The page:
Please note: this recipe has been updated. You can find the new and improved recipe here!
As promised, the second post of my ‘Battle of the Buttercreams’ series! Featured today: the buttercream that inspired me to this very test. The buttercream who had all the foodies out there shudder with excitement after The Pioneer Woman dubbed it ‘the Best Frosting’ she had ever had. Flour Buttercream!
As I explained in Battle of the Buttercreams, Part I, this buttercream is made by cooking a mixture of flour, milk and sugar until it thickens into a sauce and adding butter and vanilla to it once this sauce has cooled to room temperature. The cooking process kind of reminds me of making a béchamel sauce.
There are actually two ways of making this buttercream. The first – and probably the best known – way of making it is by combining the milk and flour in a saucepan and cooking it into a thick paste. Once this paste has cooled to room temperature, granulated sugar, butter and vanilla are added, after which the mixture is whipped for about 8 minutes until the frosting is smooth and fluffy.
I chose a different strategy, though…
You see, I don’t really believe in whipping large amounts of granulated sugar into not-very-liquid-mixtures, as it can be tricky to get all of the sugar crystals to dissolve properly and it’s easy to end up with a grainy frosting. Therefore, I went with the second cooking method, in which milk, granulated sugar and flour are cooked together. This method reduces the risk of winding up with a grainy, unpleasant frosting as all of the sugar crystals melt into the milk as it heats.
However, I have to admit that I didn’t try the first method, so for all I know this whole beating-granulated-sugar-into-milk-paste works brilliantly too…
Anyway, moving on to everything there is to know about this buttercream:
Fat content: 24%
Sugar content: 26%
Texture: smooth and creamy
Level of difficulty: fairly easy. Making the ‘béchamel’ is the most difficult part.
As you can see, this buttercream contains a lot less sugar than the American buttercream. 26% against a whopping 58%!
So what did my helpful taste testers have to say about this particular buttercream? Well, many people found it just a little bit too sweet and too buttery. But I have to say, while reading through my testers’ comments on the different buttercreams, I kind of got the feeling that they weren’t really familiar with buttercream to begin with. Around here, most people just stick to whipped cream when it comes to frosting a cake…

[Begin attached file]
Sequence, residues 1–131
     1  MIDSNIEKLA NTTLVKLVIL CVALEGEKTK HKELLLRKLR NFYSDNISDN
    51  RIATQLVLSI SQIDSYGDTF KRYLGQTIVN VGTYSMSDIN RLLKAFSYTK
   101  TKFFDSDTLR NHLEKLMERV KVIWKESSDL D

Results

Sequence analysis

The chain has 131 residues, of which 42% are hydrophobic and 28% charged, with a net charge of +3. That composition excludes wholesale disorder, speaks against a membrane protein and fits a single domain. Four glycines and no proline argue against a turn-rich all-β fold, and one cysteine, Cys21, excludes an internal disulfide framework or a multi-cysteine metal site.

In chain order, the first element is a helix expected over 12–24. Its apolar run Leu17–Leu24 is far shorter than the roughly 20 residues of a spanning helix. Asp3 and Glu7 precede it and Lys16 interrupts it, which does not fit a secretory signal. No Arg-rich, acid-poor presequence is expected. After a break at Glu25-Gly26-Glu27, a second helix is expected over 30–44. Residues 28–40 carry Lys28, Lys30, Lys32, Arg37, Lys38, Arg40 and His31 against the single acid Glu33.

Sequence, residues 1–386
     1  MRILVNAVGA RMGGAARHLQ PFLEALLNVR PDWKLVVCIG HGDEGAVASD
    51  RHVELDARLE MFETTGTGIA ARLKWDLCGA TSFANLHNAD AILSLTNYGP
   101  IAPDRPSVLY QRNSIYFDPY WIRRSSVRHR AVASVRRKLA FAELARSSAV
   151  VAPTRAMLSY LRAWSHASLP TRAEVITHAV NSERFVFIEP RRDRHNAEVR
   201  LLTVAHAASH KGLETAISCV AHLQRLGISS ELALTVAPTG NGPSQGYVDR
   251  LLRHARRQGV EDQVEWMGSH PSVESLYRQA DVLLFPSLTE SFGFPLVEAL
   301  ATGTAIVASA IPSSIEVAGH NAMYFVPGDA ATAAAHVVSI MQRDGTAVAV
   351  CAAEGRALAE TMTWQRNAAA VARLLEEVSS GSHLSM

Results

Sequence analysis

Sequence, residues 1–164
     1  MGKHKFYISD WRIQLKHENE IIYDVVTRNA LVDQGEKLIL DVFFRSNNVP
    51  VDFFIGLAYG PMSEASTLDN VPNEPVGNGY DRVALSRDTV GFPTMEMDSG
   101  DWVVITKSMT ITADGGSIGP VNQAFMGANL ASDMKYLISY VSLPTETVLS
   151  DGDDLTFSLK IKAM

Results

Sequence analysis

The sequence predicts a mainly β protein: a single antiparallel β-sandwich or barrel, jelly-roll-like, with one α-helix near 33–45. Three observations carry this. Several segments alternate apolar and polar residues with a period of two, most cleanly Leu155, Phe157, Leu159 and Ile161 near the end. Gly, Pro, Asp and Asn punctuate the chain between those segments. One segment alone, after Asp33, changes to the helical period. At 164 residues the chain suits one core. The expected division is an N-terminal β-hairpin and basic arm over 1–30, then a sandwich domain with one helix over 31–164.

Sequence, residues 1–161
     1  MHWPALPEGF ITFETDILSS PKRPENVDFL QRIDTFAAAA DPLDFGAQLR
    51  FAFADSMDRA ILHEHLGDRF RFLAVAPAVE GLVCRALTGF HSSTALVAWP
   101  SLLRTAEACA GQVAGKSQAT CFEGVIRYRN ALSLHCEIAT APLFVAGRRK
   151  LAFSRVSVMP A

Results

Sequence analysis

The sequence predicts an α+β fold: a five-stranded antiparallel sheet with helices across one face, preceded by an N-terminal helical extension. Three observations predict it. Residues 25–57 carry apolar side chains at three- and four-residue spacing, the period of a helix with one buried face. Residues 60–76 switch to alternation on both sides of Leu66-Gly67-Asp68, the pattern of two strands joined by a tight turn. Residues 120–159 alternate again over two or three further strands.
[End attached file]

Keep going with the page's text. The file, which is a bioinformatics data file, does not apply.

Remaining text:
On a more positive note, a lot of people loved the creaminess of this buttercream. One of my test subjects stated that it ‘melts in the mouth’, and another person raved about its “gorgeous flavor” with just a hint of “tangy freshness” in it. My old booze-loving English teacher actually thought there was alcohol in it!
He loved this one!
When it comes to texture, opinions varied strongly. Some of my test subjects thought the buttercream was too firm and heavy, while others mentioned that this buttercream did not quite hold it’s shape as well as some other buttercreams. I have to agree on that. While certain other buttercreams, such as the Swiss, held its shape perfectly, the flour buttercream had a tendency to ‘slouch’ a little. You can see it in the photo’s too. If you compare the edges of the piped flour buttercream kisses with the edges of the American buttercream roses, you can clearly see that the edges of the flour buttercream kisses look a lot softer.
But taste before looks, right?
At least, that’s how I roll…
Besides, this buttercream doesn’t look bad! Just look at that cute little swirl!
So is this buttercream really the ultimate buttercream? Can this modest newcomer really beat the traditional buttercreams? Does it really deserve the title of ‘Best Buttercream Ever’?
- 4½ tablespoons all-purpose flour
- 240ml (1 cup) milk
- 200g (1 cup) granulated sugar
- 225 (1 cup) unsalted butter, at room temperature
- 1 teaspoon vanilla extract
- Whisk together the flour, milk and sugar in a saucepan. Gently heat over low heat, whisking continuously, until the mixture comes to a boil. Keep whisking and cook for about a minute then transfer the mixture to a mixing bowl and, using a mixer, mix until the mixture cools to body temperature. Keep mixing and add the butter, 1 tablespoon at a time, waiting until each is incorporated before adding the next tablespoon. Once all the butter has been added, mix in the vanilla. The resulting buttercream should be smooth and thick. Use immediately. I haven't refrigerated it before I piped it on my cupcakes, but I'm guessing you can cover and refrigerate it until later use if needed.
- To use buttercream that has been refrigerated, allow to come to room temperature (this takes about 3 hours in a warm kitchen) or microwave in 30 second intervals, stirring in between each interval, until it's soft. Then mix through until it's spreadable again.Thaw frozen buttercream in the fridge overnight, then allow to come to room temperature before use and, once at room temperature, mix briefly until smooth.
- Serve at room temperature. If you've assembled a cake or decorated cupcakes, allow cake or cupcakes to come to room temperature before serving (about 3 hours in a warm kitchen).